Mexico sees deadliest year for LGBT+ people in five years

Mexico is seeing a surge of extreme violence toward LGBT+ people in its deadliest year in half a decade, a leading rights group said on Friday, citing cases of victims brutally stabbed and brazenly killed in public.

In 2019, 117 lesbian, gay, bi and trans people were killed in Mexico, up almost a third compared with 2018 and the highest number since 2015, according to LGBT+ advocacy group Letra S.

Overall in Mexico, last year was the deadliest on record, but the increase among the gay and trans community was more severe, said Alejandro Brito, Letra S director.

“We’ve documented that victims are subjected to multiple forms of violence, before or even after they were murdered,” Brito said.

“There is a cruelty towards the victims,” he told the Thomson Reuters Foundation.

Victims have been found handcuffed, stabbed repeatedly and in public places, he said.

A lesbian woman was killed while out one night with her girlfriend in the city of Cuernavaca, and the bodies of several murdered trans women were found on the streets.

Amid widespread gang violence and drug trafficking groups in Mexico, more than 34,500 homicide victims were reported last year, according to official data.

But while the number of murder victims was up 2.5% in 2019, the number of gay and trans people killed was 27% higher than in 2018, said Letra S.

More than half the victims were transgender women, while nearly a third were gay men. At least 441 LGBT+ people were murdered in Mexico between 2015 and 2019, the group said.

LGBT+ rights have grown stronger in Mexico, with discrimination on the basis of sexual orientation outlawed since 2003. The country was the second to implement such a law in Latin America after Ecuador.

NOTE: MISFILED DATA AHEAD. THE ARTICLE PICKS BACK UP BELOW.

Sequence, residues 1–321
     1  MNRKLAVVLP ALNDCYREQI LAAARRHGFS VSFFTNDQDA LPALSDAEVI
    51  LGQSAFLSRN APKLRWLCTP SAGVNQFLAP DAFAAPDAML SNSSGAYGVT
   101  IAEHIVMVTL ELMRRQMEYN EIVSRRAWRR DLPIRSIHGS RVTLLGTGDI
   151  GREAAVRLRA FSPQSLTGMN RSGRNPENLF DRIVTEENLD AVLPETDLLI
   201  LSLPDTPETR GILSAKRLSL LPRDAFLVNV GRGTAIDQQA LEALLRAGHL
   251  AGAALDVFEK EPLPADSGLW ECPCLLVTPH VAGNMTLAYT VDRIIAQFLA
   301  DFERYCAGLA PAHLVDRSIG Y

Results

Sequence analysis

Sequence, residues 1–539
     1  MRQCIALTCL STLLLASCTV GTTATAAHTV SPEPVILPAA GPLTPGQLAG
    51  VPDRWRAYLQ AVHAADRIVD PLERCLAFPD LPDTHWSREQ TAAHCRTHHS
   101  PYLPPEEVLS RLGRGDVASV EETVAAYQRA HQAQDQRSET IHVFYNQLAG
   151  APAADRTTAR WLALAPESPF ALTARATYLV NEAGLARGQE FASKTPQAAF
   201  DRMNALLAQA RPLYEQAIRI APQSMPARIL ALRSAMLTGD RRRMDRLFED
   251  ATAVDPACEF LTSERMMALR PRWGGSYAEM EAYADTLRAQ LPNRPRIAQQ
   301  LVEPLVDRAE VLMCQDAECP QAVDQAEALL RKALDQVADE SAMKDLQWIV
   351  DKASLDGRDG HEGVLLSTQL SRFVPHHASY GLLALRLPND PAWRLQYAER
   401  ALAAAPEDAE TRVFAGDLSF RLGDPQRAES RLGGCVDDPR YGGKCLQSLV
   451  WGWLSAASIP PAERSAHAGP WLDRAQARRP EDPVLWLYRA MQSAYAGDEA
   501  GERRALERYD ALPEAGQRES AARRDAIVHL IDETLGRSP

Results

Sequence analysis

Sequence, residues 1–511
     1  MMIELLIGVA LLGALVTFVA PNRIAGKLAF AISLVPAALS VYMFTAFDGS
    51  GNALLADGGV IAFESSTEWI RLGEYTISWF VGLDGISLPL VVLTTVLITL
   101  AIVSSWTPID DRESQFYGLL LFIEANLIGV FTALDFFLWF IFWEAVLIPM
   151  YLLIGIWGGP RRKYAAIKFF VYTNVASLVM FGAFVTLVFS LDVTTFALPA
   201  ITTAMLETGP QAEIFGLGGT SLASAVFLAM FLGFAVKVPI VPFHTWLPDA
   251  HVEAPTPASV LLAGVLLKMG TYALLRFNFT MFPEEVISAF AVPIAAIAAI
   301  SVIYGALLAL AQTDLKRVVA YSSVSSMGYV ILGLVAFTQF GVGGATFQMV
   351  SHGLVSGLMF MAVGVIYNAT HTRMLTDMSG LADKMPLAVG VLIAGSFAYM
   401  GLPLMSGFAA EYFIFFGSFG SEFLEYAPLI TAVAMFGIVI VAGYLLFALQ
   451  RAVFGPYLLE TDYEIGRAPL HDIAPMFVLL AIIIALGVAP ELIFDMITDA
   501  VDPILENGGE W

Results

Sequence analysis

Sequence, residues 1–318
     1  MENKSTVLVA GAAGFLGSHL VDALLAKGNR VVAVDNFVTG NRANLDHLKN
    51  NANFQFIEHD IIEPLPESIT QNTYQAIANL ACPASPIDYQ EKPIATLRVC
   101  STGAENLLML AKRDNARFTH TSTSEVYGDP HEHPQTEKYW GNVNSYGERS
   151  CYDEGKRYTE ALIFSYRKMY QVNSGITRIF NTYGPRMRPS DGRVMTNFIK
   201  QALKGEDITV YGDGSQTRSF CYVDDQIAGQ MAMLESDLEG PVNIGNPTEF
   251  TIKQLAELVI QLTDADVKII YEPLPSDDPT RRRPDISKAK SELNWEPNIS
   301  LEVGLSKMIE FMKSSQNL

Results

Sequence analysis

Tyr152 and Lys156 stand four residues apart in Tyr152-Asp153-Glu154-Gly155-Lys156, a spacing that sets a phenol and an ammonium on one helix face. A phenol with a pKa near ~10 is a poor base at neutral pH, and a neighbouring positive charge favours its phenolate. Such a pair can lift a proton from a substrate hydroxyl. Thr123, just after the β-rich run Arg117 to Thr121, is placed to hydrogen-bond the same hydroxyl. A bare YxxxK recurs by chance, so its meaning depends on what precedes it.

More than half of Mexico’s 32 states recognize gay marriage, and the nation’s top court has ruled that trans people have a legal right to change their gender identity on official documents.

Brito said the increasing visibility afforded by advances in LGBT+ issues may have contributed to the surging violence.

The violence “is specifically directed at LGBT people,” he said.

“The greater visibility … has led macho groups, fundamentalist sectors to reject this public presence of gays, lesbians and trans people.”

Gay and trans people still face societal prejudice in the predominantly Catholic country where religious groups frequently criticize LGBT+ rights.

In a 2017 government survey, about a third of Mexicans said they would not rent out a room to a gay or trans person.

Lawmakers welcomed the data for highlighting the often underreported violence faced by LGBT+ people in Mexico.

“Hate crimes due to homophobia and transphobia are generally made invisible,” said Patricia Mercado, a senator with the opposition Citizens’ Movement party. “We have to continue working to prevent all forms of discrimination that can lead to a hate crime.”

The data on murders was based on news reports of LGBT+ killings, but the actual number could be much higher, according to Letra S.

Reporting by Oscar Lopez @oscarlopezgib; editing by Ellen Wulfhorst. Please credit the Thomson Reuters Foundation, the charitable arm of Thomson Reuters, that covers the lives of people around the world who struggle to live freely or fairly. Visit http://news.trust.org


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